— Anders Olsen, Hoggard High School, Wilmington NC

Make lessons more engaging.
I’m someone who struggles when all the teacher does is say, “Go to page X” and asks you to read it. Simply reading something isn’t as effective for me as a teacher making it interactive, maybe giving a project out or something similar. A textbook doesn’t answer all my questions, but a qualified teacher that takes their time does. When I’m challenged by something, I can always ask a good teacher and I can expect an answer that makes sense to me. But having a teacher that just brushes off questions doesn’t help me. I’ve heard of teachers where all they do is show the class movies. At first, that sounds amazing, but you don’t learn anything that can benefit you on a test.

— Michael Huang, JR Masterman

I’ve struggled in many classes, as of right now it’s government. What is making this class difficult is that my teacher doesn’t really teach us anything, all he does is shows us videos and give us papers that we have to look through a textbook to find. The problem with this is that not everyone has this sort of learning style. Then it doesn’t help that the papers we do, we never go over so we don’t even know if the answers are right.

— S Weatherford, Kent Roosevelt, OH

The classes in which I succeed in most are the ones where the teachers are very funny. I find that I struggle more in classes where the teachers are very strict. I think this is because I love laughing. Two of my favorite teachers are very lenient and willing to follow the classes train of thought.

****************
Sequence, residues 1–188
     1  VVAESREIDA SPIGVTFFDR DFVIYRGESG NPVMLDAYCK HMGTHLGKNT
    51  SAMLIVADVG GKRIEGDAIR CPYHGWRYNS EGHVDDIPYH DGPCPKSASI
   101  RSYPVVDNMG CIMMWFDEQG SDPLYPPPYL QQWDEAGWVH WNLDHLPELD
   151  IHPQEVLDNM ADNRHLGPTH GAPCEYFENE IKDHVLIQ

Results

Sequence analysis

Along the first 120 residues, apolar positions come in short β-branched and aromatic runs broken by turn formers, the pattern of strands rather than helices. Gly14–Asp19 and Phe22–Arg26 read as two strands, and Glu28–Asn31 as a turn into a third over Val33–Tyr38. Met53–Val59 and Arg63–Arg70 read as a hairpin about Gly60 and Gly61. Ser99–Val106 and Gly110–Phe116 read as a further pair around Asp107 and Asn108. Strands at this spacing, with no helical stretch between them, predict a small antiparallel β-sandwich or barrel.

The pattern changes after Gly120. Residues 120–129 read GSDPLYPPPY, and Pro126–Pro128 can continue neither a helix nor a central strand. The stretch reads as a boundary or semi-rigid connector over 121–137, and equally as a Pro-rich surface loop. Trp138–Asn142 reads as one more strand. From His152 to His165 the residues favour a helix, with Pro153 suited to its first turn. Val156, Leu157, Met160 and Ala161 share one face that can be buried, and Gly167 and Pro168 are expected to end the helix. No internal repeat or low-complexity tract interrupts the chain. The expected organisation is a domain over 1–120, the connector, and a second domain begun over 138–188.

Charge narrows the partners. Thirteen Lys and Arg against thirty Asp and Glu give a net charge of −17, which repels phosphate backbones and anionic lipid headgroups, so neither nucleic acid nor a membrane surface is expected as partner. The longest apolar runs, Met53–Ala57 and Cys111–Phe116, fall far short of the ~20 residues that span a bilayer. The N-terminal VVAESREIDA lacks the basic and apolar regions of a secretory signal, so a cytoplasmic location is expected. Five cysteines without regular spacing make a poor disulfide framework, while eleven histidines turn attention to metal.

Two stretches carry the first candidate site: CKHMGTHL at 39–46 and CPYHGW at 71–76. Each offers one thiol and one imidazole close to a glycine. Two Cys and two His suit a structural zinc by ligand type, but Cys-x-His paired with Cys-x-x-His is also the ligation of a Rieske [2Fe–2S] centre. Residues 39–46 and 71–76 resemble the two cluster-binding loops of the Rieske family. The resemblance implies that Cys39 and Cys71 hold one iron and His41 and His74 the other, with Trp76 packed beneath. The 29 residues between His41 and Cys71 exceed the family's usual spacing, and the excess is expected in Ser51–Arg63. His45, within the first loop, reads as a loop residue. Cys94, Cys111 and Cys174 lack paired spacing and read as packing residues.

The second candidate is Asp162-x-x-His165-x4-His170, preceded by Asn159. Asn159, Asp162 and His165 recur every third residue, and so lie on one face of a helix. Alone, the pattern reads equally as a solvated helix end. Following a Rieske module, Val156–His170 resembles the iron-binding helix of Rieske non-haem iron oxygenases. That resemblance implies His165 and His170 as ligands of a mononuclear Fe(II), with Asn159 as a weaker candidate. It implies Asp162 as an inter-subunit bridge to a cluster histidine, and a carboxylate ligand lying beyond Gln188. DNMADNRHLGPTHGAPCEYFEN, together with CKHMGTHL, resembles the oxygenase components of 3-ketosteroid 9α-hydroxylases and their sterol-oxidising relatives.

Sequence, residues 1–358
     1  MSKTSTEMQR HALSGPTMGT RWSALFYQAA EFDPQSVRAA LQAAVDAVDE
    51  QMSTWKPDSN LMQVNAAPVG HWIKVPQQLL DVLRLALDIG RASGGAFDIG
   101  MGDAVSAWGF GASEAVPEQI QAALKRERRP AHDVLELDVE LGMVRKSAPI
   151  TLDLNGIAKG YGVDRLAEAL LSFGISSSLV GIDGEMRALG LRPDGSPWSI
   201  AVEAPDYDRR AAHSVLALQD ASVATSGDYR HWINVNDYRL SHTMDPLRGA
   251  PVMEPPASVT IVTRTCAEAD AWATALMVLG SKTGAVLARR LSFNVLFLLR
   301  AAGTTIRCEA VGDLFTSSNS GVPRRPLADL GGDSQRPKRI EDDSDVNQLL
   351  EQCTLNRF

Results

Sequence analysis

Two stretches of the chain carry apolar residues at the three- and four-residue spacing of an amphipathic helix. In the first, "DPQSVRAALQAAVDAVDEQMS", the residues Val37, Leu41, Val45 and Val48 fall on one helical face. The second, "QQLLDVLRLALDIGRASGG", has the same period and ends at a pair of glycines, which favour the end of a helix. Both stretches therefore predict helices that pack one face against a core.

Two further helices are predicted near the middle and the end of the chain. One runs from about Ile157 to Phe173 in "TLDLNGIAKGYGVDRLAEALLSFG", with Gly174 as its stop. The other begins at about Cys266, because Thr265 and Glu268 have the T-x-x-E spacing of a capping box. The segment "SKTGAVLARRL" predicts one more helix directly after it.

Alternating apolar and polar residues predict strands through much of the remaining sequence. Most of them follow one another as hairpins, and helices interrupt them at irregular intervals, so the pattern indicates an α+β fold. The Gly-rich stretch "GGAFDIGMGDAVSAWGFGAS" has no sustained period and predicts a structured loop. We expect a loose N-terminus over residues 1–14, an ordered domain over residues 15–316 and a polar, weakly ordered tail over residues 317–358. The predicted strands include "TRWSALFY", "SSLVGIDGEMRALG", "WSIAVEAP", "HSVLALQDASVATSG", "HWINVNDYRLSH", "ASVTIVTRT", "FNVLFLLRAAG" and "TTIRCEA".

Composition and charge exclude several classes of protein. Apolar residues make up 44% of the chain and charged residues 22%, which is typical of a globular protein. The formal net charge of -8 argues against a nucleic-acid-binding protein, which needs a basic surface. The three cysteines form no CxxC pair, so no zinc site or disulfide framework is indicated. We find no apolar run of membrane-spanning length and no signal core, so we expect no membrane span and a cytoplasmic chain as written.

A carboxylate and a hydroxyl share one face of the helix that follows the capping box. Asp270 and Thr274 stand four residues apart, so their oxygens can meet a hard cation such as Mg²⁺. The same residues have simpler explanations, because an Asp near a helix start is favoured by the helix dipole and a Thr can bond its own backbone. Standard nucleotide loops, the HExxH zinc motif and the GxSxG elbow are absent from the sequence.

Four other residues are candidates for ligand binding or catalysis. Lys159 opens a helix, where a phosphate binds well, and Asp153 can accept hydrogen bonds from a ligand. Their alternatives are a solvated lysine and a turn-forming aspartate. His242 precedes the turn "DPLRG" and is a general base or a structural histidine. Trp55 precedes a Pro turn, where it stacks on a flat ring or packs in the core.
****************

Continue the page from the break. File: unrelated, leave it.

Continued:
— Jonah Smith Posner, J.R. Masterman

Create better learning environments.
Whenever they are introduced to school at a young age, they are convinced by others that school is the last place they should want to be. Making school a more welcoming place for students could better help them be attentive and also be more open minded when walking down the halls of their own school, and eventually improve their test scores as well as their attitude while at school.

— Hart P., Bryant High School

Students today feel voiceless because they are punished when they criticize the school system and this is a problem because this allows the school to block out criticism that can be positive leaving it no room to grow. I hope that in the near future students can voice their opinion and one day change the school system for the better.

— Nico Spadavecchia, Glenbard West Highschool Glen Ellyn IL